Waffles of Unexpected Banananess
Some people buy last-minute gifts. I ask last-minute small kitchen appliance questions. Have you ever tried to bring a waffle iron through airport security? Do you have to take it out of your bag, with your liquids and your laptop?
I ask because I am thinking of packing my waffle iron on my holiday trip home. I’m sure I could put it in my checked bag, but perhaps then my clothes would smell like waffles on arrival. This would not be entirely unpleasant.
But then I am thinking my clothes would also feel like waffles, because they would end up coated with a thin film of canola oil cooking spray. And I would become … nonstick? I can just see myself sliding off of every chair I try to sit on.
So I am thinking of going the carry-on route instead. I’m lucky that I’m flying Alaska Airlines. They have this deal where Waffles Fly Free when you buy one full-priced adult ticket.
This silly idea is brought to you by (1) banana waffles, and (2) my hair salon.
Last week, I got my bramble bush of curly hair trimmed and straightened. As usual, my stylist was bracing himself against his salon station, wiping sweat from his brow, and rehydrating with Gatorade as necessary, as he attacked section by unwieldy section with his flat iron. Needless to say, it’s quite a lengthy process. While he was working, another stylist came over with her iPad and started showing us breathtaking pictures of her recent trip to Australia and New Zealand. And then she got to this series of pictures of her and three of her friends in front of the Sydney Opera House.
“So the four of us are hoping to get a picture together,” she said, “and we ask this sweet-looking lady passing by if she would be willing to take a photo. And she says, “Yes.’ And then she hands the camera to another total stranger, and comes up and puts her arm around me, and says cheese!”
I wish I had copies of these pictures to show you. They are priceless. They feature the stylist and her friends in various stages of uncontrollable laughter, and then this adorable woman, all of 4 feet and change, smiling warmly at the camera.
I cannot stop thinking about these photos. They started something humming in my sugar-cookie-addled brain. Unexpected zaniness like this brings so much joy. And so does unexpected breakfast.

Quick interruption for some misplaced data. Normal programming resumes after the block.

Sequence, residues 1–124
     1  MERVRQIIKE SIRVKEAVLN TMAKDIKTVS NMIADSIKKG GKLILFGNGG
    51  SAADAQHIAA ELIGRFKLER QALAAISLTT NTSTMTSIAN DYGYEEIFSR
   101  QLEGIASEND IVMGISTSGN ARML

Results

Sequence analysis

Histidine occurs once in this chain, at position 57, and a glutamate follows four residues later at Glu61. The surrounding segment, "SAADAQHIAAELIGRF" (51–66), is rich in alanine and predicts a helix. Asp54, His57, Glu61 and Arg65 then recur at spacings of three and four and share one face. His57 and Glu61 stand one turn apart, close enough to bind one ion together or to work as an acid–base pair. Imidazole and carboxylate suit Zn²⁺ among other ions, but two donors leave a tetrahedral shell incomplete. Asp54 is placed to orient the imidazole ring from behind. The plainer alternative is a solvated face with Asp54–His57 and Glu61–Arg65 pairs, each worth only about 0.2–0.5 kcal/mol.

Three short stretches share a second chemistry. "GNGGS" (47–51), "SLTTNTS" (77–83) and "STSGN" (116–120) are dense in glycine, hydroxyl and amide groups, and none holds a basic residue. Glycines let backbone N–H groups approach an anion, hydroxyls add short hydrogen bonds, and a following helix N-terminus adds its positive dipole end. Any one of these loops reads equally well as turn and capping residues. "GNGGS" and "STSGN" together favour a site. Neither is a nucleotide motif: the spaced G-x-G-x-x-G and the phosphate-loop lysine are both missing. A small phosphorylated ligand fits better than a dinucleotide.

Last year, on Christmas morning, I woke up before everyone else, snuck down to the kitchen, and made nutmeg doughnut muffins for my family. We opened presents with cinnamon-sugar-coated fingers. This year, I need to up the ante. Hence the waffle iron carry-on. Where I’m going, we grew up on Eggos, and NOBODY expects a homemade waffle! My chief weapon is surprise! Surprise and bananas. My two weapons are surprise and bananas.
Waffles of Unexpected Banananess (WUBs)
Makes 4 waffles
This recipe is a mashup of the Chez Panisse Fruit recipe for banana waffles and the Waffle of Insane Greatness (WIG) recipe. I make plain WIGs often, and they are delicious, but the bananas take them to a whole different place. A Christmas-morning place, if you will. Sandwiched between two layers of batter, the banana slices melt down into the waffle’s fluffy interior. The batter is not too sweet, so the bananas are a nice contrast to the thin, crisp exterior. The original Chez Panisse recipe had excellent flavor, but the batter was a bit thick and difficult to layer over the bananas without over-filling my waffle iron. It also did not produce waffles as crispy as the WIG. Next time, I am going to try making these with a buckwheat pancake/waffle mix that I usually have on hand. But don’t tell anyone! My chief weapon is surprise. Surprise and buckwheat. Surprise and buckwheat and bananas. There are three weapons. I’ll come in again.
3/4 cup flour
1/4 cup cornstarch
1/2 tsp. baking powder
1/4 tsp. baking soda
1/2 tsp. salt
1 1/2 tsp. sugar
1/2 cup whole milk
1/2 cup buttermilk
1/3 cup vegetable oil
1 large egg, beaten
3/4 tsp. vanilla
2 bananas, peeled and sliced thin
Nonstick cooking spray or melted butter to prep the waffle iron
Maple syrup for serving
Whisk the flour, cornstarch, baking powder, baking soda, salt, and sugar together in a large bowl. In another bowl, combine the milk, buttermilk, vegetable oil, egg, and vanilla. Pour the wet ingredient mixture into the dry ingredients and mix well. Set the batter aside for 30 minutes. You can skip the batter resting period, and the waffles will still be good, but they will come out crispier on the outside if you rest it. (Here’s why.)
Preheat your waffle iron. Coat it lightly with nonstick spray or melted butter before each round of waffle cooking. (The original WIG recipe says not to do this, but I find my waffle iron works better if I do. Also, for this recipe, if the bananas poke through the batter, they tend to stick.) Ladle a thin layer of batter into the waffle iron. Arrange banana slices in a single layer on top of the batter. Don’t worry too much about how you arrange them–they are going to melt down anyway. I used half a banana for each waffle. Top the bananas with another thin layer of batter, creating a banana sandwich. I used about 1/4 cup of batter for each layer. Cook until crisp and golden. Serve hot, with maple syrup and any leftover banana slices.